Saul’s Restaurant and Delicatessen, located on Shattuck Avenue in Berkeley’s Gourmet Ghetto, will undergo an ownership transition in the coming years.
The co-owners, Peter Levitt and Karen Adelman, plan to sell the restaurant to a successor with Jewish culinary experience and business management skills.
Levitt is looking for someone with a “Jewish cuisine background … maybe somebody experienced from the outside who is aware of which other delicatessens are doing it right and where they are,” he said.
Saul’s, which has been under Levitt and Adelman’s care for the past two decades, seats more than 100 customers and is specially known for its smoked pastrami, according to the restaurant’s website.
Most other Jewish delicatessens that have been around for some time are intergenerational businesses, according to Jweekly. Since Levitt and Adelman do not have any children to pass it down to, they hope to sell it to someone they know and think will be a good match, Adelman said.
The business started in 1955 with the opening of the Shelf Pantry, a small restaurant that sold Ashkenazi Jewish dishes. After changing hands several times, Saul’s was opened in 1986, and Levitt and Adelman took over the business a decade later, according to Jweekly.
“In September, it’ll be the 30th anniversary of Saul’s, which is an exciting milestone,” Adelman said.
The diner serves Matzah ball soup, rye, corned beef and smoked pastrami — distinctly Jewish dishes. But the deli does not offer kosher dishes, Levitt added, which discourages strictly religious people from coming to the restaurant.
“The restaurant allows for the celebration of Jewish secular culture,” Adelman said.
According to its website, the restaurant hopes to bridge the “Old Country” and “New World” by providing a culinary home to those looking to connect to their Jewish roots while also following current culinary practices.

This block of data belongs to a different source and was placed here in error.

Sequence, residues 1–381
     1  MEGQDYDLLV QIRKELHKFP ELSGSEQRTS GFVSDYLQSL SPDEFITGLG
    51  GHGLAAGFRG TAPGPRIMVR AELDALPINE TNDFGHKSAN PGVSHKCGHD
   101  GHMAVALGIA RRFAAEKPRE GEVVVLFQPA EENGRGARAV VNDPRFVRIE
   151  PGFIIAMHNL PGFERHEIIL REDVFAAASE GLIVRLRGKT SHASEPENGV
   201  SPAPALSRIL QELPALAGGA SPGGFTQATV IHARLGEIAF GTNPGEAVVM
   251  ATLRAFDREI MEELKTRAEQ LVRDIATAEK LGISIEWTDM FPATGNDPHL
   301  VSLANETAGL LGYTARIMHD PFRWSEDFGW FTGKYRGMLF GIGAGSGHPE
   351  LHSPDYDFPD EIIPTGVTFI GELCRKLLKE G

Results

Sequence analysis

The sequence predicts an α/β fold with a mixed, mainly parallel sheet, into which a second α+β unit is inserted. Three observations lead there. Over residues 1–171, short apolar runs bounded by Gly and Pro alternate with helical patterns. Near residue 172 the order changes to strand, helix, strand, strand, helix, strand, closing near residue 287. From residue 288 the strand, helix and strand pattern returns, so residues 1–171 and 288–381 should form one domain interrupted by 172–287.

In addition, Saul’s minimizes the impact of the industrial food industry by utilizing sustainable, grass-fed ingredients. The deli’s celery-tonic sodas and organic bagels are made in the restaurant, and some meat products are cured in-house.
“We are concerned with the well-being of customers,” Levitt said. “Saul’s is a large institution with a full-service breakfast, lunch and dinner.”
Levitt and Adelman said they are intent on finding the right person to maintain the tradition of Saul’s and hope the transition between owners will be as smooth as possible for all customers. Though Levitt and Adelman are leaving the restaurant, Levitt hopes to help the new owner with the transition.
“Whoever takes over would want to keep me around because I am part of the face of the restaurant,” Levitt said. “I’ll be a huge addition to the team, as I understand how the restaurant works.”
He predicts that the transition will take two to four years.